It's the start of the season proper with UCI World Tour Het Nieuwsblad on Saturday and UCI 1.1 HC Kuurne-Brussels-Kuurne on Sunday. It was a tad savage when the alarm blasted at 03:10 on Friday but on the other side of the scales we were on Belgian soil bright and early.
On a day of relentless rain which couldn’t decide whether it was apocalyptic or biblical, former jockey and reigning Scottish Olympic Time Trial Champion, Wilson Renwick (RT 23) was the man who coped best with the drastic conditions. Last man off and former Trossachs top dog, Chris Smart (GTR – Return To Life) finished second with 1:09:57 to Renwick’s 1:07:47. Last place on the podium went to Scottish Hill Climb Champion, David Griffiths (Bioracer-Project GO) with 1:10:23.
An RTTC championship in Scotland? VeloVeritas couldn’t miss that – on the way down I was thinking about opening lines; ‘Marcin Bialoblocki gives himself as a birthday present a clean sweep of all CCT titles from 10 to 100 miles' but John Archibald was having none of it and pulled off the testing surprise of the year.
Mark Robertson (Army CU) who successfully defended his 2017 title, confirming that he’s ‘not just a sprinter’ and giving lie to suggestions that his win last season was a ‘fluke.’ VeloVeritas hasn’t been to the Scottish Road Race Championship for a year or two but when we heard it was in Cromarty, one of favourite places on the globe there could be no excuse for absence.
In the language of the Gael, Glasgow is, ‘The Dear Green Place,’ on Sunday for the European Road race Championship 2018 it was certainly ‘green’ – we’re not do sure about ‘dear’ though; it was grey, miserable, and wet – just plain DREICH. But we still love the city – last time we went west for the Commonwealth Games Road Race, this time we decided to get soaked in the East End.
The 2018 European Time Trial Championships didn’t produce a surprise winner, or runner-up but there were a few surprises lower down the order, men who we’d expected to go a tad faster. But the parcours was pretty technical and not one for the pure ‘Boulevard Blasters.’ Here’s the VeloVeritas rap on the top 15.
Four men – counting the one behind the camera – their mission, to eat as many sandwiches, scotch eggs and sausage rolls as possible in one afternoon, whilst soaking up the sun, roadside at the British Elite Road Race Championships 2018. One of the local lads had the race on his iPhone and the result was confirmed: 1) Connor Swift for Madison Genesis; 2) Adam Blythe (Aqua Blue); 3) Owain Doull (Sky).
No Steve Cummings – saving it for the road race or just no form? - it looked like a shoot-out then between Dauphine winner, Geraint Thomas and chrono specialist Alex Dowsett (Katusha) for the British Time Trial Championships 2018. The sun was out, our spot on the hill was perfect, the marshal was sound with not a trace of Janitordom and Dave’s cheese and ham pieces were of exceptional quality. And Britain’s best bike riders were set to scoot past us. Not much more a man can want in life.
Greg van Avermaet dedicated his stunning Tour de Yorkshire success to the memory of BMC Racing Team owner Andy Rihs after a superb final stage saw him crowned champion in Leeds. Rihs passed away at the age of 75 last month, with BMC still in mourning after losing a friend and passionate cycling fan as well as owner.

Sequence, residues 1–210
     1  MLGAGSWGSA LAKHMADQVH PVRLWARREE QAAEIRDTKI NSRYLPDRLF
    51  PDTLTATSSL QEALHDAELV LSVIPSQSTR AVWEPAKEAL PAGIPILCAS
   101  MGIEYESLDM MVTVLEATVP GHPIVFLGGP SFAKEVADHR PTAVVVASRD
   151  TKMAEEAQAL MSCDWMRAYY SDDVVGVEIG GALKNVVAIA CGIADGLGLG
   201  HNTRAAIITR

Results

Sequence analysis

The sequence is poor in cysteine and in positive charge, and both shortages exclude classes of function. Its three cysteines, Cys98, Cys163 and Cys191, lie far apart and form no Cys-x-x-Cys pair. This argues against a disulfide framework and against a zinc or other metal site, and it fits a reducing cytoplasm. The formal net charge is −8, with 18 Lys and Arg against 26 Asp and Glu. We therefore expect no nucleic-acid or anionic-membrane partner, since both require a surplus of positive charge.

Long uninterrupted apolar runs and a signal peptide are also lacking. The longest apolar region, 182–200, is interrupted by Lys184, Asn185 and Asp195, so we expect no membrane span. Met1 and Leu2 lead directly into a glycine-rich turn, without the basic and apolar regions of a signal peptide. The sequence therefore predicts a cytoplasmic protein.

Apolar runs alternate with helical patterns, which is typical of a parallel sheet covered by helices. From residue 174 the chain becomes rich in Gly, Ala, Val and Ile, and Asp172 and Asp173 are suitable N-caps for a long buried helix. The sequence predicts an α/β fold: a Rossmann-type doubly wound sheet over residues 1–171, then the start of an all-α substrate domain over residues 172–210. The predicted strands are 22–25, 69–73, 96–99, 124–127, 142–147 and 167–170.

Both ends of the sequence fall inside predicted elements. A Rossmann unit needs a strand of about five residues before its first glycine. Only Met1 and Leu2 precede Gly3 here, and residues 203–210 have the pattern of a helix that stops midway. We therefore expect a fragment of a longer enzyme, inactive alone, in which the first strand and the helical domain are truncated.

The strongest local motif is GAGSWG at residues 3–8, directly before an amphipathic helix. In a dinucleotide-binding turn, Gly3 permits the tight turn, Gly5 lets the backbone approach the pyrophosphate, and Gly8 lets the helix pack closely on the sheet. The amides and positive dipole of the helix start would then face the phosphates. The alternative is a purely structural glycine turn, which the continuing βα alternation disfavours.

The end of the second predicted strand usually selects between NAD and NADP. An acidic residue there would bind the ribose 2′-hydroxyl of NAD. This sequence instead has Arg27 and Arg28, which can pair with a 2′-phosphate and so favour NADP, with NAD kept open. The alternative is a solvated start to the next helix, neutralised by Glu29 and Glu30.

A wall of sound greeted Maximillian Walscheid as he sprinted to victory on a sizzling third stage of the Tour de Yorkshire. The crescent-shaped slopes of Scarborough’s North Bay provided a perfect natural amphitheatre for the fourth year in succession and tens of thousands of fans bathed in temperatures hotter than Palma, Paris and Tenerife to watch another dramatic finish unfurl.
Magnus Cort Nielsen couldn’t even hear himself breathe, such was the noise that greeted his mesmeric finish to win stage two of the 2018 Tour de Yorkshire. But if the Dane thought that finale in Ilkley was loud, the Yorkshire Bank and Yorkshire Bank Bike Libraries leader’s jersey holder hasn’t heard anything yet. History was made as the Tour finished on a summit for the first time, the brutal second stage from Barnsley finishing atop the Cow & Calf hill some 149km later.
Yorkshire has a new cycling hero – and Harry Tanfield can’t quite believe it. Never before had a local won a Tour de Yorkshire stage but with one superb breakaway and one big push to the line, this 23-year-old from Great Ayton had the Doncaster crowd rocking, to take stage 1 of the Tour de Yorkshire 2018.
Dylan Groenewegen (Lotto-Jumbo & The Netherlands) goes from way out, Arnaud Demare (FDJ & France) scrambles for his wheel but is lengths back at the line with Sonny Colbrelli (Bahrain & Italy) doing well for a man whose speciality is late season races in balmy Italy, taking third. We agree it was a great sprint from the Dutchman but it wasn't a vintage Kuurne Brussels Kuurne.
"Ooooohhhhhhh!" The moan echoes around the bar; these boys are aficionados, they all know that solid Astana Dane, Michael Valgren Andersen isn't coming back - he timed his jump to perfection, there was that fatal second or two of hesitation among the frozen men behind him and he was gone, en route to win Het Nieuwsblad 2018.
On a day when a raw wind scythed across the Borders hills, that slim man who must feel the cold more than most, David Griffiths (Pro Vision Scotland) defended his Scottish Hill Climb Championship on the savage, technical climb out of Stow Village in the rolling Scottish Borders. Griffiths tells us he’s heavier than last year but still looks pretty damn skinny to us.
Chris Smart (GTR) made it a hat trick of wins in the classic Tour de Trossachs 2017 time trial over 24.5 beautiful but demanding miles on a calm, mild and dry autumn Sunday morning, adding to his 2014 and 2015 victories - the race was cancelled last year due to roadworks.
VeloVeritas took a wee run over to Glasgow on Saturday to the Glasgow Sprint Grand Prix; here are some snaps we took which we hope you like. In the language of the Gael, Glasgow is the ‘Dear Green Place’ and right across the road from the splendid Sir Chris Hoy Velodrome it’s even more sublime that that – ‘Paradise.’ At least that’s what the Celtic fans call their Parkhead ground.
The season of 2017 started with positive vibes. I was extremely dedicated and trained hard all through winter. My progression was measured by regular testing with my coach. By February I was counting down the days until I moved to Belgium where I would undertake my first season of racing on the Continent. Prior to leaving for my new home, I discussed a handful of targets to aim for during the season. This really motivated me to knuckle down and complete the last few weeks training.